USG makes cuts in budget


USG Senate met in the SU Ballroom to discuss their agenda for the semester on Wednesday evening. A budget was proposed for the next two years, which included cuts across the board for committees. (Jordan Richardson/The Daily Campus)

The University of Connecticut Undergraduate Student Government (USG) proposed its budget for the next two years on Wednesday, which included cuts across the board for committees.

USG comptroller Rishita Jani proposed the budget after the Student Fee Advisory Committee (SFAC) informed her USG would be facing a deficit next year if they continued to spend at the same rate.

Jani explained that USG consistently had money left over from semester to semester, leading to a push to increase spending.

“There are certain events that certain committee chairs had approached me about and said, ‘We don’t believe that we should take a cut here,’ but… I felt it best to present the budget as is and to cut the money on certain line items that I thought could be expendable,” Jani said.

The Senate approved an amendment to the budget, providing the Academic Affairs Committee an extra $2,000, in addition to the $10,000 Jani allocated, to prepare care packages for students during finals week.

Sen. Benjamin Murray (ACES) supported the increase in funds for Academic Affairs, saying the care packages are the only significant item in the Academic Affairs budget.

“Care packages are essentially the lifeblood of the Academic Affairs Committee,” Murray said. “It’s pretty much the only thing that Academic Affairs does that really costs money.”

Academic Affairs Chair Ven Gopal proposed the amendment to increase the budget and said he has worked to consistently decrease the budget during his time as chair.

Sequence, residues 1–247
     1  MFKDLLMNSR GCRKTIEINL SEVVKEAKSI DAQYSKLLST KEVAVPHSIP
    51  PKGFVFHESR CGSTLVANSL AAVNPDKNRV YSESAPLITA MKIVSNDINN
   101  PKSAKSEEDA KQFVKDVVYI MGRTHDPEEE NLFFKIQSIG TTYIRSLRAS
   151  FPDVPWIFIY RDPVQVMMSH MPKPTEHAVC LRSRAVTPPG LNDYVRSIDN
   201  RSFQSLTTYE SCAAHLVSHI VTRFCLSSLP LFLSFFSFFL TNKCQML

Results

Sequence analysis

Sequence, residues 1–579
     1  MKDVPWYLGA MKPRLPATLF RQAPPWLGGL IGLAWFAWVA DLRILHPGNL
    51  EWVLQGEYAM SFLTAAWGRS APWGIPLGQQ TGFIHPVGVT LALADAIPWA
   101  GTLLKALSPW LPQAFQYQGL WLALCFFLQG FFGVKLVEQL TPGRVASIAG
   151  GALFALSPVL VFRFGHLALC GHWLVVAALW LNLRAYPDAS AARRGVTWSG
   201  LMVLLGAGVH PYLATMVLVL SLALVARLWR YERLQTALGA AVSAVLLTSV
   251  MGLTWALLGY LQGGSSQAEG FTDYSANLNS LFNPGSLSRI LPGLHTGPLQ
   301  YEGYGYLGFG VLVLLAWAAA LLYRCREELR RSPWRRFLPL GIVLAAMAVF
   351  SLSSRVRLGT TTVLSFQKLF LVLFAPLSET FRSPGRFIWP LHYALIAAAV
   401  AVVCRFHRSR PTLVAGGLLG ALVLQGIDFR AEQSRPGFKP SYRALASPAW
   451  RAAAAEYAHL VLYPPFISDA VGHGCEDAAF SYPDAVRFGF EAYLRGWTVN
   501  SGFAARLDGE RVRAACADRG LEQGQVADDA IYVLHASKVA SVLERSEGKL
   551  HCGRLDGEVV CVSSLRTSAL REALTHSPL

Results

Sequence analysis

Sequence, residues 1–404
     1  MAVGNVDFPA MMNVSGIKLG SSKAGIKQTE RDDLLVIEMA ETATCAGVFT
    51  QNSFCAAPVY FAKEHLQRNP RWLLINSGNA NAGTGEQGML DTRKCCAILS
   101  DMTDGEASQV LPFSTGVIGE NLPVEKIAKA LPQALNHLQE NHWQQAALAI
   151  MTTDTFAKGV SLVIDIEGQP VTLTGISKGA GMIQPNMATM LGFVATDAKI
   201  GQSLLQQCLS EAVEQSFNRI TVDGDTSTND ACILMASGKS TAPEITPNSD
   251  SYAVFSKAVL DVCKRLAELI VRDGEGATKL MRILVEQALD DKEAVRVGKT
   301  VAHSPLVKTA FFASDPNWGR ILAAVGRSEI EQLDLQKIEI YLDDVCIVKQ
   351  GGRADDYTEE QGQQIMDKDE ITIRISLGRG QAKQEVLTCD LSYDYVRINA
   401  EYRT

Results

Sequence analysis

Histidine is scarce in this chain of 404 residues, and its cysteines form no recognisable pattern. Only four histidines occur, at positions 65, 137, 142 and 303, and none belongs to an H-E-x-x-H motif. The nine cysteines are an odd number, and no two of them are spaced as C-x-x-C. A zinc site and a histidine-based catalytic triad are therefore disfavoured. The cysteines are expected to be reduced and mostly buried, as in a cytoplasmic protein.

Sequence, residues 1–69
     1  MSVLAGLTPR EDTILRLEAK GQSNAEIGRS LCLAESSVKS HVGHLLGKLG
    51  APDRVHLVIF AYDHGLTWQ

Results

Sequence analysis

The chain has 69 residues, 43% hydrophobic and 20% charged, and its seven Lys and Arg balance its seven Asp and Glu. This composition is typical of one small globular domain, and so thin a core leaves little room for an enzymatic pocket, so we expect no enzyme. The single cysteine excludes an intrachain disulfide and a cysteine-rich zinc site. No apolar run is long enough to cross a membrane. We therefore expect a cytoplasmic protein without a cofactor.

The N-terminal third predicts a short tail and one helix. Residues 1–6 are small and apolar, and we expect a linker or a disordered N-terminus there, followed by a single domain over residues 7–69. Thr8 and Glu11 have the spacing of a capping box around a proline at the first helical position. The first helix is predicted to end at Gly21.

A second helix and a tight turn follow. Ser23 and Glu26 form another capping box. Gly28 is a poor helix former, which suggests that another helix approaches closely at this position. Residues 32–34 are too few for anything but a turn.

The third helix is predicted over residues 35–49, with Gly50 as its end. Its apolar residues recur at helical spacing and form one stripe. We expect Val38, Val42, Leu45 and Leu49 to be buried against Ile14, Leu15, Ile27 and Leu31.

“All other committees are taking hits now… [Academic] Affairs has been taking hits for three semesters now,” Gopal said. “It’s kind of like double-cutting us now because I also lowered the budget again.”

USG president Dan Byrd said if the extra money for Academic Affairs is approved, other committees are more likely to ask for extra money as well.

“We need to change the culture of, ‘We have money, let’s do it,” Byrd said.

When Jani was asked if an increase of $2,000 would seriously affect the budget, she said it would not.

After approving additional funds for Academic Affairs, Sen. Myles Gibbs (Engineering) proposed an amendment to give an extra $2,000 to the Student Services Committee, which he sits on. The amendment failed when put to a vote.

Gibbs said Student Appreciation Day, an annual event organized by Student Services that provides students with free items like t-shirts, sunglasses and water bottles, did not get the funds they requested of $15,000. Instead, Student Appreciation Day was allocated $12,000. Gibbs requested the budget be amended to $14,000.

“I trust [Jani] to be financially conservative. When she says that we can spend $2,000 more on [Academic Affairs care packages], I think amending $2,000 to Student Appreciation Day is appropriate,” Gibbs said.

USG Vice President Irma Valverde said student outreach isn’t only about how much money is spent.

“Let’s stop using the excuse of ‘We’re giving out these things,’ because there’s so many other ways to reach out to students. We shouldn’t be using that as an excuse at all,” Valverde said.

Additionally, USG’s Funding Board, which allocates all money to Tier II organizations, saw a decrease of about $200,000. Last semester, the Funding Board was given $1,000,000, while this semester they were allocated $800,000.

Jani said, ultimately, the budget cuts were made to benefit future semesters of USG.

“We spend hours and hours on training how to transition our officers… We’re not going to just spend now and let next year’s officers and leadership board worry about that cut,” Jani said. “That’s not how we run this organization.”

Schae Beaudoin is a staff writer for The Daily Campus. She can be reached by email at

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